Declining birth rates, aging demographics, urbanisation and the need for higher productivity in personal and professional spheres, are some of the key factors that are forcing change in Asian societies. As a result, generations are navigating their lives from childhood to seniority in a way that has never been done before.

In Mintel’s new thought piece, ‘The Generation Game: Catering to Asia’s Future Life Stages’, Matthew Crabbe, Director of Research, Asia Pacific, shines a spotlight on eight key future life stages that Asia’s consumers are transitioning through, with recommendations for how brands and companies can cater to these evolving consumer needs.

Matthew Crabbe, Director of Research, Asia-Pacific at Mintel said:

“Change is happening across Asia and the social shifts consumers experience today are fundamentally altering the consumption behaviours of tomorrow. The challenge will be for companies and brands to learn how to adapt quickly to the economic and social changes Asia is going through. The future of Asian families will provide huge potential for quick-adaptors and sector specialists.”

Four of the future life stages identified in ‘The Generation Game’ are:

Future-proofing education

Mintel research reveals that 86% of students in China say they are working hard to achieve the future they desire. However, with the rapid development of new technologies, the future of work, and, therefore, education, are still areas of speculation. Continued technological advances will mean education has to prepare Asia’s children for a job market where adaptable skills are the most important aim.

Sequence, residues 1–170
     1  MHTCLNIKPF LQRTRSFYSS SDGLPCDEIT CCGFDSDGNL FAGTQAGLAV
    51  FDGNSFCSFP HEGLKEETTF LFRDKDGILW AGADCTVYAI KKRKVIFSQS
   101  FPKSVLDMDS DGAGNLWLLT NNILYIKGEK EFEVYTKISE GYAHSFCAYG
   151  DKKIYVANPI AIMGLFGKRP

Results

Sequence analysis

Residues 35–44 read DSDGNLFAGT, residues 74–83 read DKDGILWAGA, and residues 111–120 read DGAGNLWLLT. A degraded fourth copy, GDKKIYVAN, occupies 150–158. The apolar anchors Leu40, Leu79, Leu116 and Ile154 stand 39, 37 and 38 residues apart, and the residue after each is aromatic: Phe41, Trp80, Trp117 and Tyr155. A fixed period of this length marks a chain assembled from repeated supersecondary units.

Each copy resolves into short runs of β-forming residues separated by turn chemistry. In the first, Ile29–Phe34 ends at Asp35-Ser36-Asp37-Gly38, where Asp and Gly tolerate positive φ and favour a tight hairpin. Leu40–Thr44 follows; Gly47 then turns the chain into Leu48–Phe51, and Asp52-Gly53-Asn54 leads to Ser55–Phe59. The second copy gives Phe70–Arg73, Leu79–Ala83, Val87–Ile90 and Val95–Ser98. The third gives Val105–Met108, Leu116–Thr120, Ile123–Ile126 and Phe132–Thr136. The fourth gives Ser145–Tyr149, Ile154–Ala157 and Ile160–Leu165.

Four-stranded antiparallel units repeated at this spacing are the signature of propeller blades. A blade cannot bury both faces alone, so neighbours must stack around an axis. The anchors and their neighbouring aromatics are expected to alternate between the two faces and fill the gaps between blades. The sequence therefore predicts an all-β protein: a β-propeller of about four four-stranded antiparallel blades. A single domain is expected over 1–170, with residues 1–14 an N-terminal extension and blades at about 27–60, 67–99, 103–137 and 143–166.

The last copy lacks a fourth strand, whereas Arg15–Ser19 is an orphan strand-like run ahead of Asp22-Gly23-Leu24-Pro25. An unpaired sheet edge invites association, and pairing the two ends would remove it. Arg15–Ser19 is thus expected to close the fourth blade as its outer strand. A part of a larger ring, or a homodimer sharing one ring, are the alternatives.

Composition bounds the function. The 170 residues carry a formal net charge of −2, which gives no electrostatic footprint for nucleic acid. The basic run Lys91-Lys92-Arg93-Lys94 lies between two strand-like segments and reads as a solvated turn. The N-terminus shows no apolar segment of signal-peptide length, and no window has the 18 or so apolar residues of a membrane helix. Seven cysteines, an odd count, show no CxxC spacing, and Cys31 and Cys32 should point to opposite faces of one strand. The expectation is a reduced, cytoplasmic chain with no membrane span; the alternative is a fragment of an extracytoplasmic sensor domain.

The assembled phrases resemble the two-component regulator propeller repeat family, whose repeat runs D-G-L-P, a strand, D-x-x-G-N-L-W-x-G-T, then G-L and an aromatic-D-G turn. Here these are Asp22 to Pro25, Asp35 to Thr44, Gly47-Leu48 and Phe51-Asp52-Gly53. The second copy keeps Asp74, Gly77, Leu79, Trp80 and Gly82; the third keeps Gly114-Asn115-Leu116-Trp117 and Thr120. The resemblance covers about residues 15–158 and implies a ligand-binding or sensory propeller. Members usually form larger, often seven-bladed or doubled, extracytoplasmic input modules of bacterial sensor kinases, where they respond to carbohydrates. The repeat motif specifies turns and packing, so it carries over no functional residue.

Home, harmony and hyper-connectivity

Young consumers are focused on having the freedom to move about and enjoy experiences, rather than being limited to purchasing a home and living in a single location. Indeed, over three in four (76%) students in China say that living happily in the moment is the most important thing for them. While in India, as many as eight in 10 (80%) consumers aged 18-34 have no plans to buy an apartment in the next three years. This movement will significantly change the consumption habits of younger consumers and how they invest their incomes. As a result, marketers will be expected to change the way they communicate and engage with these consumers in the future.

Staying single

More and more young consumers in Asia are challenging the traditional life or career path, and are finding the self-confidence to choose to go it alone. It seems staying single is perceived to be more of an option than a must among Asia’s consumers as Mintel research reveals 73% of single consumers in India have no plans to get married in the next three years. Meanwhile, 43% of singles in China aged 20-24 would like to live in an unconventional way, rising to 53% among single consumers aged 25-29. Companies and brands are now perfectly aligned to be part of that voyage of discovery.

Once the birds have flown

Older working Asians are having to adapt to the rapidly changing societies they live in as much as their younger peers and they are also actively exploring new lifestyles to suit their own tastes and interests. Mintel research reveals half (47%) of metro Thai consumers aged 55 years and above say they will definitely travel to new places or go on more vacations in 2016. Additionally, over half (55%) of metro Indonesians aged 55 and above say they will learn a new skill or get a new hobby in 2016. One of the best things brands can do is to stop ignoring older consumers as a potentially lucrative market across Asia.

Mintel’s The Generation Game: Catering to Asia’s Future Life Stages thought piece is available to download here.

Interviews with Matthew Crabbe, Director of Research, Asia-Pacific, are available on request from the press office.

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